Lokshen Kugel

I’ve written before about kugels on this very blog: these lovely Ashkenazi casseroles that can conjure a whole world of warmth and homeliness for those who grew up with them. The past kugels I have written about are for one sphere of kugel: the dense potato or vegetable kind. The other kind of kugel is what I’m writing about today: the lokshen kugel, or noodle pudding. This kugel has a long history: German Jewish cooks started making kugels in the Sabbath cholent with egg-based noodles during the medieval era, when noodles were introduced to Europe from China and the Arab world. (Fun fact: noodles were already present in Middle Eastern Jewish cooking from antiquity.) Hence the Yiddish word for noodle, lokshen, comes from the Persian lagman, which itself comes from the Chinese lamian – itself the origin of the Japanese word ramen.

By the modern period, the lokshen kugel had morphed into a separate baked dish, savory or sweet. In the United States and South Africa, the latter variety is more common, often served with raisins and baked with an improbable amount of dairy. Among more “assimilated” Ashkenazi Jews in these and other countries, the lokshen kugel is one of the foods that stood the test of cultural change: many of my friends otherwise uninterested in the foods of their ancestors get quite excited when offered a slice of freshly baked kugel. My friends who are not Ashkenazi Jews – be they Sephardi, Mizrahi, or not Jewish – are often somewhat perplexed by the idea of a sweet noodle casserole. “You’ve made a pasta cake!” a Malaysian friend once told me. That said, the popularity of baked savory noodle dishes in the Sephardi and Mediterranean worlds means that the concept, for many, is not that unusual.

This recipe is for a somewhat more traditional variant of the lokshen kugel, with apples and raisins. Other “traditional” recipes may be for a savory “salt and pepper” kugel, or a sweet one with apricots. You can also go down the “non-traditional” route: my friend Maxine makes a delicious kugel with pineapples, and I myself have experimented with the Nutella-esque chocolate and hazelnut combinations. Whatever you do, it will be delicious.

Lokshen kugel with apples and raisins.
Lokshen kugel with apples and raisins. Photo mine, May 2016.

Lokshen Kugel With Apples and Raisins

Makes 2 8-inch/20-centimeter round kugels or one 9×13 rectangular kugel

 

½ lb short, thin noodles – ideally egg noodles, but any flattish pasta should do

1 ½ cups sour cream

¼ cup melted butter + butter for greasing pan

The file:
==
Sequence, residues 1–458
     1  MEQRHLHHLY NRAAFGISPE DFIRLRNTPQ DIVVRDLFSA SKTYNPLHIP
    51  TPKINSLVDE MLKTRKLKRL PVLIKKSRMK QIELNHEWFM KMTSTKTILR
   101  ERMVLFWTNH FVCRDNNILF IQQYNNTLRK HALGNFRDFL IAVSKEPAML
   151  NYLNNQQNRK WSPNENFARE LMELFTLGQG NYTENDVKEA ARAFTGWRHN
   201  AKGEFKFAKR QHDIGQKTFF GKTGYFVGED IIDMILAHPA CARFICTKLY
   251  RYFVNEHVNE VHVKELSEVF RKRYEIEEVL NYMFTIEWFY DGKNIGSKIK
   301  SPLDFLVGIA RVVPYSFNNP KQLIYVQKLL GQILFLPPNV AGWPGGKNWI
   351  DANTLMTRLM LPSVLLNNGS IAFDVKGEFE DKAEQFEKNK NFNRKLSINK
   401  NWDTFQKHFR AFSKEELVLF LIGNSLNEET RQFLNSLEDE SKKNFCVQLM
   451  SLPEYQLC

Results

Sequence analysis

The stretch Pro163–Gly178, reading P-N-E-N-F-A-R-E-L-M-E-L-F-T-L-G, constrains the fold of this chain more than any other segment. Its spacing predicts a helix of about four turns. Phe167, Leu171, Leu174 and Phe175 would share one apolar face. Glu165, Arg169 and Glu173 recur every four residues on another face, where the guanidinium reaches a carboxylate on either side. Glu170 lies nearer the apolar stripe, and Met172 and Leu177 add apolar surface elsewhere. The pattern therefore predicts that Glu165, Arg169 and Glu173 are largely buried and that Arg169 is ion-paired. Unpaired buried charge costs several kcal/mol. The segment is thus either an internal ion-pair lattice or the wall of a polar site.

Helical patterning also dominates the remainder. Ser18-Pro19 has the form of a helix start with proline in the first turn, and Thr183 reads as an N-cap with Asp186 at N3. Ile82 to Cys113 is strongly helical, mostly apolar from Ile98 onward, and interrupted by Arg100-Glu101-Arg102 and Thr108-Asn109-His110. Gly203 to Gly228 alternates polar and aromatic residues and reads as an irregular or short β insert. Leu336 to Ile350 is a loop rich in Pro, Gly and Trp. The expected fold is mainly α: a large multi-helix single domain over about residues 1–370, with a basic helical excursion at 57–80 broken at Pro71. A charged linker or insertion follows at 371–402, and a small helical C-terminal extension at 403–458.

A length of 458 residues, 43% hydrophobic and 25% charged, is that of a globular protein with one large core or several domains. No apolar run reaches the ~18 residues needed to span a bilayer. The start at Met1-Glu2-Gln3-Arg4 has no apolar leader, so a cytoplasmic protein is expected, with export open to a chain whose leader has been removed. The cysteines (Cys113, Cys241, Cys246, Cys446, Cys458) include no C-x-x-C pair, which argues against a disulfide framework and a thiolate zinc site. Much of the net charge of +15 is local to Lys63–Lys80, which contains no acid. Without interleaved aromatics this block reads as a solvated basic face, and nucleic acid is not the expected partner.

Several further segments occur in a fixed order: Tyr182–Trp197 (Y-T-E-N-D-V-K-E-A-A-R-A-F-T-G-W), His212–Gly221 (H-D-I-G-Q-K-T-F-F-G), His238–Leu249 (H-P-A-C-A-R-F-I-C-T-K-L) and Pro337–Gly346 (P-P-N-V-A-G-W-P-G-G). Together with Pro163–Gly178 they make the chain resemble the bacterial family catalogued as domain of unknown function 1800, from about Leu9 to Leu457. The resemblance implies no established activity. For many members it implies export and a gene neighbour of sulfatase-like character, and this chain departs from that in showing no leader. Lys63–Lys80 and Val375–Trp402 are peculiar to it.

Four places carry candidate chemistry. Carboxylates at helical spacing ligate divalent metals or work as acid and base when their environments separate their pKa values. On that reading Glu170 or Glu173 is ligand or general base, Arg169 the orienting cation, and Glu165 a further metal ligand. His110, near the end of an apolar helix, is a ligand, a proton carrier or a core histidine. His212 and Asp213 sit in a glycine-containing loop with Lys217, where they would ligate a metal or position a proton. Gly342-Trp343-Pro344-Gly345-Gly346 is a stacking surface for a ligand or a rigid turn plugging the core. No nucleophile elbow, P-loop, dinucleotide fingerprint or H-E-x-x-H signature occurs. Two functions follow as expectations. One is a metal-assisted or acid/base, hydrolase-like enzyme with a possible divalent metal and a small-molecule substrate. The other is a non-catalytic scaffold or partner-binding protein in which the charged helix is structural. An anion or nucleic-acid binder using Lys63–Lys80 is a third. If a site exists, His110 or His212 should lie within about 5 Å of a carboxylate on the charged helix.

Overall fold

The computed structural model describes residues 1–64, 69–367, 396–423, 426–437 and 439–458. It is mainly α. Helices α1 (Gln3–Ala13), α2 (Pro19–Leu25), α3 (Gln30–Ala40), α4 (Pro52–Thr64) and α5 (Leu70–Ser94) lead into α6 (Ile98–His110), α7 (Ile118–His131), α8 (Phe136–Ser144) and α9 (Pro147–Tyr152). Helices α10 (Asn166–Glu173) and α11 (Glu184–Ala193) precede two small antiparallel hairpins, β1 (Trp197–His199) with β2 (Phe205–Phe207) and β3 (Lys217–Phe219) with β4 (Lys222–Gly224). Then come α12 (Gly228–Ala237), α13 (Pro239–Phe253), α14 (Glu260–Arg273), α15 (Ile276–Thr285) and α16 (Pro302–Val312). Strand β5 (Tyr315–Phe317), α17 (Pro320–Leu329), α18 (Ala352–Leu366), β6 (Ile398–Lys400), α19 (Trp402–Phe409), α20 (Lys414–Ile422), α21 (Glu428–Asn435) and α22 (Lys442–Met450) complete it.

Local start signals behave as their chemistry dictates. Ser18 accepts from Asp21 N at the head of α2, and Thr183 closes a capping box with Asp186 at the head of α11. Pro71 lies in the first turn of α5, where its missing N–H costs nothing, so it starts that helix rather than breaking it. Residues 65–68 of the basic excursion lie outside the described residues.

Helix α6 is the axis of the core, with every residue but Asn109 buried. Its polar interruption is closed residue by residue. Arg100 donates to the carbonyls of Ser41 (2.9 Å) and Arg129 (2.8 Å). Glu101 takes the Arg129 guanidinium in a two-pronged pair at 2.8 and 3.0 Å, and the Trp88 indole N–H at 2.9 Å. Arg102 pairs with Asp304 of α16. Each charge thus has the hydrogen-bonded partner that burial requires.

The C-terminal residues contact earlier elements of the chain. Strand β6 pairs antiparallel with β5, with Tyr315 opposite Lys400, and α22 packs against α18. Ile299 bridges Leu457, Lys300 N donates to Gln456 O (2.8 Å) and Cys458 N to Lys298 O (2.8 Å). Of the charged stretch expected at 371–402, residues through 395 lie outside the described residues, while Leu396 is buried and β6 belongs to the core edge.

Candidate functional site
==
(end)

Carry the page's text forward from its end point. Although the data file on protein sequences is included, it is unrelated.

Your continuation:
1 cup white sugar

½ tsp ground cinnamon

1 tsp honey

4 eggs

½ cup raisins, soaked for plumpness

1 large apple, cored and chopped

  1. Cook the noodle according to package or other directions to the maximum suggested time – a softer noodle makes a better kugel. Drain and rinse well under cold water.
  2. Preheat your oven to 400F/200C.
  3. In the meantime, mix the sour cream, melted butter, sugar, cinnamon, and honey together until well blended. Add one egg at a time and mix in until you have a consistent, creamy mixture. If your mixture is too thin, add some more sour cream; if it is too thick, add another egg.
  4. In a large bowl, mix together the cooked noodles, apples, and raisins. Then, mix in the sour cream mixture until all the ingredients are blended together.
  5. Decant the mixture into greased pans – I would make either two small eight-inch round kugels, or one 9×13 thick, rectangular kugel. Bake the mixture for 40-45 minutes, or until the custard has set and the noodles on top have caramelized.

Variations: Many people would simply omit the apple and double the raisins. You can swap the apple and raisins for ½ cup ground hazelnuts and 1 cup chocolate chips, for a gianduja/Not-Nutella kugel. You can swap the apples for 2/3 cup dried apricots, chopped and soaked.

A thank-you to Diya Mchahwar and Mara Lasky, who were the User Acceptance Testers for the apple-raisin variant.

Tu biShvat, Dates, and the Occupation

A pile of dates
Dates in a market in Spain. They are traditional for Tu BiShvat. Photo Hans Hillewaert/CC.

Greetings from a blizzard-bound New York! Though it is hard to think about green trees when this city is being given up to seventy centimeters of snow, Sunday night and Monday mark Tu biShvat, commonly called the “New Year for Trees.” The holiday originates in halakha (Jewish law): certain trees’ fruits cannot be eaten for the tree’s first three years of life. Those years are counted from Tu biShvat, thus it is the “New Year” for trees: Rosh Hashanah 2.0. As a New Year, it is a time of at least a little celebration. The Sephardic kabbalists of the medieval era developed a seder for the day, in which the seven species and other fruits of the soil are consumed and discussed. The theological component is that the ceremony and the holiday are an opportunity to strengthen the Etz Khayyim – the Tree of Life – the Kabbalistic metaphor for the nature of G-d and His/Her/Hir Creation. In modern times, however, the holiday has become increasingly associated with environmental causes – a sort of Jewish Arbor Day. Many foods are traditional for Tu BiShvat, but the “Seven Species” are the most common. These plants, identified in Deuteronomy 8, are those associated closely with the biblical land of Israel: wheat, barley, grapes, figs, pomegranates, olives, and dates.